Brian Landis Oxford County Sheriff’s Office photo

SOUTH PARIS — An Oxford County judge dismissed two misdemeanor charges Wednesday against a former sheriff’s lieutenant in a case that was connected to the abrupt resignation of the defendant’s boss, Sheriff Wayne Gallant, who was accused of sexually harassing employees.

District Court Judge Charles Dow dismissed two counts of misdemeanor domestic violence terrorizing against former Oxford County Sheriff’s Lt. Brian Landis, who was in the midst of a divorce when he was arrested in 2017 for allegedly threatening to kill his wife, Dawn Landis.

Landis’ arrest at first seemed to be a case of alleged domestic violence. But it soon became enmeshed with Gallant’s downfall from public office, after a union official said Gallant allegedly solicited sex from a male employee and that employee’s girlfriend, and when the male employee rebuffed the advances, Gallant allegedly threatened the employee’s job. Later, Gallant’s attorney said the male employee was Landis, and that Gallant worked behind the scenes to orchestrate the charges.

Former Oxford County Sheriff Wayne Gallant, right, talks to his lawyer Jim Martemucci during a recess Wednesday in the hearing of a criminal case against former Sheriff’s Lt. Brian Landis. Gallant was supposed to testify, but the judge dismissed the case. Press Herald photo by Brianna Soukup

The case against Landis was dismissed Wednesday because a former prosecutor did not follow through on a promise to the judge to seek out and turn over Facebook messages that Gallant and Dawn Landis exchanged before and after Brian Landis’ arrest. Landis’ attorney, Ted Dilworth, said the messages went to the heart of his argument.

The existence of the Facebook messages only came to light because they were discovered by the FBI, which began investigating Gallant before he left office, and were described by a witness in an earlier court hearing.

“Our theory was going to be at trial that this was a setup, a conspiracy against our client,” Dilworth said. “We don’t think (the charges) were justified. We believe that a lot of people were involved with this who shouldn’t have been involved.”


The defendant rejected a plea offer of one count of disorderly conduct and a $500 fine, Dilworth said.

The former sheriff has denied wrongdoing and has not been charged with any crimes, but after 11 years in office, he stepped down in December 2017 in the face of an internal investigation by Oxford County. Gallant was expected to testify Wednesday – his first public comments under oath about his actions as sheriff – but the judge issued his dismissal from the bench before any witnesses were called.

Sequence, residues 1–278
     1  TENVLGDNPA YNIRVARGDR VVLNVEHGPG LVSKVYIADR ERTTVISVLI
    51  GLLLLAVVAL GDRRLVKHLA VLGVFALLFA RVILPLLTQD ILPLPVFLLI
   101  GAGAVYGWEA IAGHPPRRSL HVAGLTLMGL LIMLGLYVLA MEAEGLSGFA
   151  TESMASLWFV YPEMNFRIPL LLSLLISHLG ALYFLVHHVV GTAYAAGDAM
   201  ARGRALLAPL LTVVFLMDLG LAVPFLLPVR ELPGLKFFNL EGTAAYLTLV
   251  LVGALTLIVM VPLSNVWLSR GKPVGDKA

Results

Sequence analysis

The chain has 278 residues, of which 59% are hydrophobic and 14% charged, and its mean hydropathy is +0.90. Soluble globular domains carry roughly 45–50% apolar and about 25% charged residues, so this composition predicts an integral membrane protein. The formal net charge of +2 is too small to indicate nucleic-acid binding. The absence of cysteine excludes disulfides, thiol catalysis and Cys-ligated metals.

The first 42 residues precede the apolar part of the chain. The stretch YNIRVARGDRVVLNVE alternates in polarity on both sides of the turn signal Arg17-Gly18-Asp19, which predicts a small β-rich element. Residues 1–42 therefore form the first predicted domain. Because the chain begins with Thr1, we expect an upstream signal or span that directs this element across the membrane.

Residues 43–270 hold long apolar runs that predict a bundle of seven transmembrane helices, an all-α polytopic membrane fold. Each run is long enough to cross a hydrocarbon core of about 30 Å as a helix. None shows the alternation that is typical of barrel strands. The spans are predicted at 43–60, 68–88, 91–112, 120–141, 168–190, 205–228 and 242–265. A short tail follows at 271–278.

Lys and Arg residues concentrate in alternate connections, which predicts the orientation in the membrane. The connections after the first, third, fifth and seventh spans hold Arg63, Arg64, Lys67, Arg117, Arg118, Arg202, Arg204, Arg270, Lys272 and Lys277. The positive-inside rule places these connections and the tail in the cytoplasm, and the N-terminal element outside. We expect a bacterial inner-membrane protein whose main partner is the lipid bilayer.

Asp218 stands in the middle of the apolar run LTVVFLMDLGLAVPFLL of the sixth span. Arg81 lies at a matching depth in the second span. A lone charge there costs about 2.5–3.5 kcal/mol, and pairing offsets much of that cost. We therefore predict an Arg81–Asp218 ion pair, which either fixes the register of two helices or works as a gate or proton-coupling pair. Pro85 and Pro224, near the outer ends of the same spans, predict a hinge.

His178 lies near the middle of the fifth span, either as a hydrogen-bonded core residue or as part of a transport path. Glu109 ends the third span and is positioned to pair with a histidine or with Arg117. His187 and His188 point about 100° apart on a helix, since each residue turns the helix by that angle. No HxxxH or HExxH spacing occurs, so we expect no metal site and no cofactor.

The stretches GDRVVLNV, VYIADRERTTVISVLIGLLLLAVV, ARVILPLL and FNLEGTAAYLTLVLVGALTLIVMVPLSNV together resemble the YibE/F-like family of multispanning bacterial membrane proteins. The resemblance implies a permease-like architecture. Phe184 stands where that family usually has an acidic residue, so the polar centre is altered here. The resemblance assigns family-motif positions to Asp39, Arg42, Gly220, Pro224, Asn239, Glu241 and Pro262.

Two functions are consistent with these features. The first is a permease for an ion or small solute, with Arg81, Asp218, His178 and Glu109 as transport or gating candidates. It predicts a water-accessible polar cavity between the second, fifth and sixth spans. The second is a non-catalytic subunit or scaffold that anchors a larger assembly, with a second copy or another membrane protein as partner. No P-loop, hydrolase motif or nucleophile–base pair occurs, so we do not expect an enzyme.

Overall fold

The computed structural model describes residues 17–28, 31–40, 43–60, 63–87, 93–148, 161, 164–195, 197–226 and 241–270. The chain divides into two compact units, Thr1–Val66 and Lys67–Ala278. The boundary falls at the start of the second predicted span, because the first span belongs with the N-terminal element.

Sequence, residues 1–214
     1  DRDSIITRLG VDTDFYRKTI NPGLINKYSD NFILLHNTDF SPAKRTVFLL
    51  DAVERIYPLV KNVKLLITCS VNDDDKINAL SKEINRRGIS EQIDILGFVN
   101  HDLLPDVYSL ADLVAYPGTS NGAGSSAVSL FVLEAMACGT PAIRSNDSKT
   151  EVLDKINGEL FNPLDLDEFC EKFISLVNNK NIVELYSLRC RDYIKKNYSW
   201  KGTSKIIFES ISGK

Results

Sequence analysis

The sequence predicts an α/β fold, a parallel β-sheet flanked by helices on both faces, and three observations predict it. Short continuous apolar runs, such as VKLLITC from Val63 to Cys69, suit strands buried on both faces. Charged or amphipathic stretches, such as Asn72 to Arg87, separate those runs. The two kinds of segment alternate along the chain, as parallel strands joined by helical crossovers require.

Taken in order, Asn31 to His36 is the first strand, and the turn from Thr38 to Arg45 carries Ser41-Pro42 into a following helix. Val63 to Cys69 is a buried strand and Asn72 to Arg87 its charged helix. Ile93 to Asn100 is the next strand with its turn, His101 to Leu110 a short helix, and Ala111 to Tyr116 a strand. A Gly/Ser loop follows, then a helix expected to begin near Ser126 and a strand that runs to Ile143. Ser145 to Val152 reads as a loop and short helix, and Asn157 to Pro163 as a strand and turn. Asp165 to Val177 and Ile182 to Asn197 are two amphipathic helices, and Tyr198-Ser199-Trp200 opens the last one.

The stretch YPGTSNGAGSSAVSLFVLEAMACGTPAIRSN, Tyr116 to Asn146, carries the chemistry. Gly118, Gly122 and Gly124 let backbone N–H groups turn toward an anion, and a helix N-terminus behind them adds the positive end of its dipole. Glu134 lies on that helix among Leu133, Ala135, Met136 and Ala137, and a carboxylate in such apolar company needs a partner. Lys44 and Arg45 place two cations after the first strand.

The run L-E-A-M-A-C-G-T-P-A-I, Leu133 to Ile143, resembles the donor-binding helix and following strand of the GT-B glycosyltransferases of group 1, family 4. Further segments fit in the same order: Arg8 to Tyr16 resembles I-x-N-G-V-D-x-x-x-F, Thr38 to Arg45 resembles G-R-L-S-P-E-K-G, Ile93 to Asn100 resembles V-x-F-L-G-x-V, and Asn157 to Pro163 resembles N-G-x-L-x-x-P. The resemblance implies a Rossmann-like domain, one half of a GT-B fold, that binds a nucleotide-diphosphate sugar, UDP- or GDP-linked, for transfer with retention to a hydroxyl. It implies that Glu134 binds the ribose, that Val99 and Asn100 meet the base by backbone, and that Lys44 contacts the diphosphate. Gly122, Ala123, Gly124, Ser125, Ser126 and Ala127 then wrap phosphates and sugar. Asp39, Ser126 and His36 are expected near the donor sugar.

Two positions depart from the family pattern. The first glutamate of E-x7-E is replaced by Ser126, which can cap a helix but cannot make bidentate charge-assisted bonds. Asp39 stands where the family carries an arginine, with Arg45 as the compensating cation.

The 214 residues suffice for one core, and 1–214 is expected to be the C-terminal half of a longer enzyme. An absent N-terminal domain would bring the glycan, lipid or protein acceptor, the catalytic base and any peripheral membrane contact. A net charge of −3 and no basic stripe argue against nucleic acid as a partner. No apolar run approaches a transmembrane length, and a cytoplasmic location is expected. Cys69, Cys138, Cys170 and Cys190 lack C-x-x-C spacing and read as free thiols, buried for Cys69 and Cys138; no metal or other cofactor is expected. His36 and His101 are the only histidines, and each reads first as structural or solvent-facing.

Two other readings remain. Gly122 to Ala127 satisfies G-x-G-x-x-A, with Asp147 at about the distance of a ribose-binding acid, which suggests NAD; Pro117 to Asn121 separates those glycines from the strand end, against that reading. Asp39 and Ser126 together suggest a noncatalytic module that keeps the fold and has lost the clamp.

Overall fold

Outside the courthouse on Wednesday, Gallant declined to comment before driving away in a black pickup truck.

The dismissal is the second sanction by the judge against the state in the case for failing to turn over information to the defense. Every criminal defendant is entitled to receive documents and information that form the basis of the state’s case, in a process known as discovery. When the state fails to turn over information, a judge must decide the proper sanction, with dismissal of the charges being the most severe.

Assistant District Attorney Alvah A.J. Chalifour argued that dismissal of the charges against former Oxford County Sheriff’s Lt. Brian Landis was an extreme and inappropriate step. Press Herald photo by Brianna Soukup

In the first rebuke to the state, Dow in July ordered that prosecutors turn over certain documents that were apparently being withheld from Landis’ attorney related to interviews between officers and Dawn Landis. As part of his response to the judicial order, the assistant district attorney handling the case at the time, Alexander Willette, told the judge he would also request copies of the Facebook messages between the alleged victim and Gallant.

But Willette never followed through, and he never informed the court that he failed to do as he promised. Instead, a State Police detective assigned to the case asked Dawn Landis to produce the messages, but she inexplicably could not find them, according to the attorneys. No further efforts were made to locate the messages until the current prosecutor, Assistant District Attorney Alvah Chalifour, asked Gallant about them moments before Wednesday’s proceedings began, Chalifour said during the hearing.


Willette subsequently left the prosecutor’s office, and in April was appointed deputy director of political affairs for outreach for President Trump, according to the White House.

During arguments before the ruling, Chalifour admitted that Willette erred by not following through on his commitment, but also argued that dismissal was an extreme and inappropriate step. Chalifour also argued that if the state subpoenaed Facebook, it could turn into a much larger breach of privacy of the personal life of Dawn Landis, a victim of alleged domestic violence terrorizing whose life had already been disrupted by the publicity surrounding the case.

Dow argued against that notion, and asked Chalifour why the state couldn’t have narrowly tailored its request to only messages exchanged between Dawn Landis and Gallant.

“I can’t answer that specifically, your honor,” Chalifour said. “I know typically … ” But Dow cut him off.

“Come on,” Dow said. Gallant wasn’t a victim of domestic violence terrorizing, Dow said. Why not request the communications through his account?

“The state always has to be careful when it’s peering into people’s personal lives,” Chalifour said. “The state would be finding out information by service of a subpoena which, either (for) Mr. Gallant, or Mrs. Landis’ or any person’s personal information – that we may learn more than we were supposed to.”

“But isn’t it fair to say that the state was under order of a court to do just that?” Dow responded.

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